Rotterdam 2017

Rotterdam 2017: Lucky 13 for Jo-Wilfried Tsonga, unlucky sixth for David Goffin

Jo Wilfried-Tsonga comes from a set down to beat David Goffin at the Rotterdam Open and win his first ATP title since 2015

The two hopefuls who came to court at Rotterdam’s Ahoy Arena to determine who would lift this year’s ABN AMRO trophy had much more in common than their popularity with the Dutch fans.

Frenchman Jo-Wilfried Tsonga, a 12-time title winner, former Grand Slam finalist, former finalist in Rotterdam, and winner of two Masters titles, had put together a 12-3 winning record so far this season.

Belgian David Goffin, who had been taken to the hearts of the locals—after all, he was born only 20km from the Dutch border and just a two-hour drive from Rotterdam—was into his second final in the space of a week. Just like Tsonga, he had made a quarter-final run at the Australian Open, and he too arrived in the final on a 12-3 tally.

Neither man had secured a victory in some time. Tsonga’s last was two years ago, in Metz. Goffin won Metz the year before, along with Kitzbuhel, but had been unable to convert any of his five subsequent finals to silverware.

Both had also made landmark wins in Rotterdam this week. The 31-year-old Tsonga had notched up his 400th match-win in the semis in a storming performances over old adversary Tomas Berdych.

Goffin not only won his first ever match in Rotterdam after losing his opener in all three previous visits, he went on to score his first victory over Grigor Dimitrov, who had beaten him in that title match last week in Sofia. In reaching the Rotterdam final, he secured an even bigger feather in his cap: entry into the top 10, the first Belgian man ever to do so.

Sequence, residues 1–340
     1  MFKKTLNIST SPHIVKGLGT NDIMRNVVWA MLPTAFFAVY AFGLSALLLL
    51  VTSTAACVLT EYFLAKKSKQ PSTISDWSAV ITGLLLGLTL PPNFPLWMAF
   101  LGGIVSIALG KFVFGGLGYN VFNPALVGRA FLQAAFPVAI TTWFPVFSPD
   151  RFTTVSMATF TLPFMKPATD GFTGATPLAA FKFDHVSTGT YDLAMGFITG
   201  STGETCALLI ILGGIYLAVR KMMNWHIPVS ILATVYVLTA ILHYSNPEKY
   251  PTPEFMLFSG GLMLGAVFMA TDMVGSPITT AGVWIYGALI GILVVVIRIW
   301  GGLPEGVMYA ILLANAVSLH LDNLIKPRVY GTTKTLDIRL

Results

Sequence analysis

And it looked in the early stages of this final as though Goffin’s light-as-a-feather tennis would get the better of the Frenchman’s all-court power. The smaller, younger, more slightly built Belgian had been finding angles and hitting the lines with laser-like precision all week, and his crisp returns of serve had Tsonga in trouble straight away. Goffin broke twice, and although Tsonga pulled one break back, the Belgian served out the first set, 6-4.

But the Frenchman’s big serve made more inroads in the second set—he would drop only five points in 25 on his own serve—and although Goffin lived with Tsonga though nine games, the Frenchman’s huge forehand punctured the Belgian defences at 4-5 to convert his fifth break point. The match was all square at 6-4.

Tsonga now played still more freely, and after defending a break point in the opening game of the third, he broke through the tough resistance of Goffin in the second, 2-0, and held to love for 3-0.

The damage was done: Goffin was unable to resist the ever-faster serving and penetrating forehands from Tsonga, and would win just one game in the set. After almost two hours, victory was the Frenchman’s 6-1.

With his 13th match-win of 2017, then, Tsonga secured his 13th title, and will rise three places in the rankings to No11—one place behind Goffin.

He said: “I’m really happy. This title comes at the right moment. The last couple of months I put in a lot of effort to come back to this level. It’s a huge reward for me and it gives me new expectations for the rest of the year… I will try to be better and better.”

For Goffin, though, it was another bitter-sweet Sunday as runner-up, his sixth without a victory, his third at the ATP500 level.

Back home #TsongaTeam

A post shared by Jo-Wilfried TSONGA (@tsongaofficiel) on

He was, as ever, generous both to his opponent and to the Rotterdam crowds.

“It was a great week in the end. There was a lot of emotion and I won a lot of matches. I was a bit tired today. I started the final really well, but in the end Jo played better than me, especially in the third set.

“Of course I’m disappointed, but I played some good tennis and will be in the top 10 on Monday.”

Just hours after his victory in Rotterdam, Tsonga tweeted a photo of himself jetting back to France, where he is second seed in Marseille. He has a couple of days’ grace, though, with a bye into the second round, but finds himself in a half packed by youthful talent, including wild card Denis Shapovalov, Karen Khachanov and a possible semi against either Nick Kyrgios or Alexander Zverev.

Goffin next heads to the hotter outdoor climes of Acapulco, another ATP500, which gets under way on 27 February.

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